SEOUL (Reuters) – North Korean state media lauded on Wednesday the summit between Kim Jong Un and Donald Trump as a resounding success, highlighting concessions by the U.S. president and the prospect of a new era of peace and prosperity on the Korean peninsula.
According to a report by the Korean Central News Agency (KCNA), Trump expressed his intention to halt U.S.-South Korea joint military exercises, offer security guarantees to the North and lift sanctions against it as relations improve.
The U.S. president had said in a news conference on Tuesday he would like to lift sanctions against North Korea but it would not happen immediately.
Kim and Trump invited each other to their respective countries and both leaders “gladly accepted”, KCNA reported.
The summit, the first between a sitting U.S. president and a North Korean leader, was in stark contrast to a flurry of North Korean nuclear and missile tests and angry exchanges of insults between Trump and Kim last year that fueled worries about war.
“Kim Jong Un and Trump had the shared recognition to the effect that it is important to abide by the principle of step-by-step and simultaneous action in achieving peace, stability and denuclearization of the Korean Peninsula,” KCNA said.
Trump confirmed the United States will not hold war games with South Korea while North Korea negotiates in good faith on denuclearization.
“We’re not going to be doing the war games as long as we’re negotiating in good faith,” Trump told Fox News Channel in an interview in Singapore after the summit.
“So that’s good for a number of reasons, in addition to which we save a tremendous amount of money,” Trump said. “You know, those things, they cost. I hate to appear a businessman, but I kept saying, what’s it costing?”
U.S. Republican Senator Lindsey Graham said Trump’s cost reasoning for halting the exercises was “ridiculous”.
“It’s not a burden onto the American taxpayer to have a forward deployed force in South Korea,” Graham told CNN. “It brings stability. It’s a warning to China that you can’t just take over the whole region. So I reject that analysis that it costs too much, but I do accept the proposition, let’s stand down (on military exercises) and see if we can find a better way here.”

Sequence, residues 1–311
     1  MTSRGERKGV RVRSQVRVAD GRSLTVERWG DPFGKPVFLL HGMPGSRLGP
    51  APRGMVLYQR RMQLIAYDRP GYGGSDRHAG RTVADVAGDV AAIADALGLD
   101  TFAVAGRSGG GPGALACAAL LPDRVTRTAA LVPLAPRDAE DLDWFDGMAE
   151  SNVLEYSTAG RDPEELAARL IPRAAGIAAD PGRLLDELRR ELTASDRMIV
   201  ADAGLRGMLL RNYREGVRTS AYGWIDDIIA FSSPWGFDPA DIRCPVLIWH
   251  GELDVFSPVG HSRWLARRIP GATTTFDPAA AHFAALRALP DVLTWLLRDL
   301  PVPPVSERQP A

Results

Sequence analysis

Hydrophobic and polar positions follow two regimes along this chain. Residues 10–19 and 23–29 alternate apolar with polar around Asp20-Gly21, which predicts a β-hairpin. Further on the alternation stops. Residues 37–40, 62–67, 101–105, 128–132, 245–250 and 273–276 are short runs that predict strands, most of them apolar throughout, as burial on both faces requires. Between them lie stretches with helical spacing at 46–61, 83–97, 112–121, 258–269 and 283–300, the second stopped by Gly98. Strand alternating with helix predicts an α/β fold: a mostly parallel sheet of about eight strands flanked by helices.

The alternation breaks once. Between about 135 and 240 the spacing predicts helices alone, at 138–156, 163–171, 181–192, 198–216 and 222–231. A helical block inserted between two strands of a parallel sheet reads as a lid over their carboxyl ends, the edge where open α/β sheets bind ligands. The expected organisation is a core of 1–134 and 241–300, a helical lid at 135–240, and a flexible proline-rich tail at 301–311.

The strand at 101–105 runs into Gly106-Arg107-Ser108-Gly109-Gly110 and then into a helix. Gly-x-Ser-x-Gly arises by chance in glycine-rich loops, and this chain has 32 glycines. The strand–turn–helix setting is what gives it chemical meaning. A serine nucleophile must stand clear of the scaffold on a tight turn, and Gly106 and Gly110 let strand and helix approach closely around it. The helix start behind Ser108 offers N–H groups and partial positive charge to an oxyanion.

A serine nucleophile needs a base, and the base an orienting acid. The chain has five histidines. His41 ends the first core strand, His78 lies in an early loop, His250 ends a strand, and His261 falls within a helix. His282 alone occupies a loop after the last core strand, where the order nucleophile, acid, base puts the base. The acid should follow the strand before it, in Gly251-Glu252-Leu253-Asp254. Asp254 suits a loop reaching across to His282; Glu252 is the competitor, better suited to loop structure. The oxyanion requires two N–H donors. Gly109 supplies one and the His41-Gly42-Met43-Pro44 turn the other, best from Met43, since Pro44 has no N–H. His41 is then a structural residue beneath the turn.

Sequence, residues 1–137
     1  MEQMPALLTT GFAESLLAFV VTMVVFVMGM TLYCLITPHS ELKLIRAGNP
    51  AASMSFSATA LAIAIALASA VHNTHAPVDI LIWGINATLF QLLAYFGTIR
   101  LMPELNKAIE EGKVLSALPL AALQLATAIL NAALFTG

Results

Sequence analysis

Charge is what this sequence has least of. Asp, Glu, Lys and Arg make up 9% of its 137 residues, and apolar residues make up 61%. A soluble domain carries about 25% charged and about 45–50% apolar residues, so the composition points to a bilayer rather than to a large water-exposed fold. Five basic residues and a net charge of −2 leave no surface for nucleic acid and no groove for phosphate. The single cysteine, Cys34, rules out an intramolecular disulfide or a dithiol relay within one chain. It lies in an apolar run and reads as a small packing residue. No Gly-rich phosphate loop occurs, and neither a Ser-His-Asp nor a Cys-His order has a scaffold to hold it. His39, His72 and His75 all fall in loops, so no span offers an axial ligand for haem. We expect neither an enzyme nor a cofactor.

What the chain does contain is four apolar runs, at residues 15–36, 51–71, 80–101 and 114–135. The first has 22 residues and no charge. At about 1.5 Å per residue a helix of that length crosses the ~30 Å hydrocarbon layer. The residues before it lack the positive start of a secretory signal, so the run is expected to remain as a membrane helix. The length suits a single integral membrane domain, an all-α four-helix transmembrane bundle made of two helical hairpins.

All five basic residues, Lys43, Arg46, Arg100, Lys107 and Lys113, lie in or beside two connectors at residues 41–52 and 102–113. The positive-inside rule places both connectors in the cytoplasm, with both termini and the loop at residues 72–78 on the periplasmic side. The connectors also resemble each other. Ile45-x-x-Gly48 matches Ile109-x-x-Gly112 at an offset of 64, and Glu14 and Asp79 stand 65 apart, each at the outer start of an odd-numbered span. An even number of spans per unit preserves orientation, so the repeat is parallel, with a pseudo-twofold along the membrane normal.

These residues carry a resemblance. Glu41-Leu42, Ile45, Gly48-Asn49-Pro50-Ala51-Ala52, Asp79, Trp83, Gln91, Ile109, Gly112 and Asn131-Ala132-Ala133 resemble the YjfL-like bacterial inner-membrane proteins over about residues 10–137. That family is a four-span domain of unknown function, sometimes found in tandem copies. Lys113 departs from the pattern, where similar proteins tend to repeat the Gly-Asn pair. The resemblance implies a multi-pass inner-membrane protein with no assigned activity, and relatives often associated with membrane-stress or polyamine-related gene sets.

There was some confusion over precisely what military cooperation with South Korea Trump had promised to halt.
The U.S.-South Korean exercise calendar hits a high point every year with the Foal Eagle and Max Thunder drills, which both wrapped up last month. Another major drill is due in August.
The United States maintains around 28,500 soldiers in South Korea, which remains in a technical state of war with the North after their 1950-53 conflict ended in a truce rather than a peace treaty.
Trump’s announcement was a surprise even to President Moon Jae-in’s government in Seoul, which worked in recent months to help bring about the Trump-Kim summit.
Trump’s administration had previously ruled out any concessions or lifting of sanctions without North Korea’s commitment to complete, verifiable and irreversible steps to scrap a nuclear arsenal that is advanced enough to threaten the United States.
Critics in the United States said Trump had given away too much at a meeting that gave Kim international standing. The North Korean leader had been isolated, his country accused by rights groups of widespread human rights abuses and under U.N. sanctions for its nuclear and ballistic missile programs.
“For North Korea, they got exactly what they wanted,” said Moon Seong-mook, a former South Korean military official and current head of the Unification Strategy Center in Seoul. “They had a summit as a nuclear state with Kim on equal turf with Trump, got the United States to halt joint military exercises with South Korea. It’s a win for Kim Jong Un.”
Officials from South Korea and Japan were expected to discuss the issue when U.S. Secretary of State Mike Pompeo arrives in Seoul later on Wednesday. He is scheduled to meet South Korean President Moon Jae-in early on Thursday and then hold a trilateral meeting with Foreign Minister Kang Kyung-wha and Japanese Foreign Minister Taro Kono.
Japan’s Minister of Defence Itsunori Onodera said that, while North Korea had pledged denuclearization, no concrete steps had been taken and Japan would not let down its guard.
“We see U.S. South Korean joint exercises and the U.S. military presence in South Korea as vital to security in East Asia,” Onodera told reporters. “It is up to the U.S. and South Korea to decide about their joint exercises. We have no intention of changing our joint drills with the U.S.”
Japan, along with China, is expected to bear much of the initial costs of North Korea’s denuclearization but would only start shouldering costs after the International Atomic Energy Agency restarts inspections, Japanese Chief Cabinet Secretary Yoshihide Suga told reporters.
The Singapore summit did not get top billing in the main state news outlets in China, North Korea’s main ally.
The ruling Communist Party’s main newspaper, the People’s Daily, reported the news in a brief page 3 article about the Chinese Foreign Ministry’s reaction to the talks.
The English-language China Daily said in an editorial that, while it remained to be seen if the talks would be a defining moment in history, the fact that the talks went smoothly was a positive result.
“While no one should expect the summit to have ironed out all the differences and erased the deep-seated mistrust between the two long-time foes, it has ignited hopes that they will be finally able to put an end to their hostility and that the long-standing peninsula issues can finally be resolved. These hopes should not be extinguished,” it said.
Reporting by Christine Kim; Additional reporting by Joori Roh in SEOUL, Tim Kelly in TOKYO, Phil Stewart in WASHINGTON, and John Ruwitch in SHANGHAI; Writing by Lincoln Feast; Editing by Paul Tait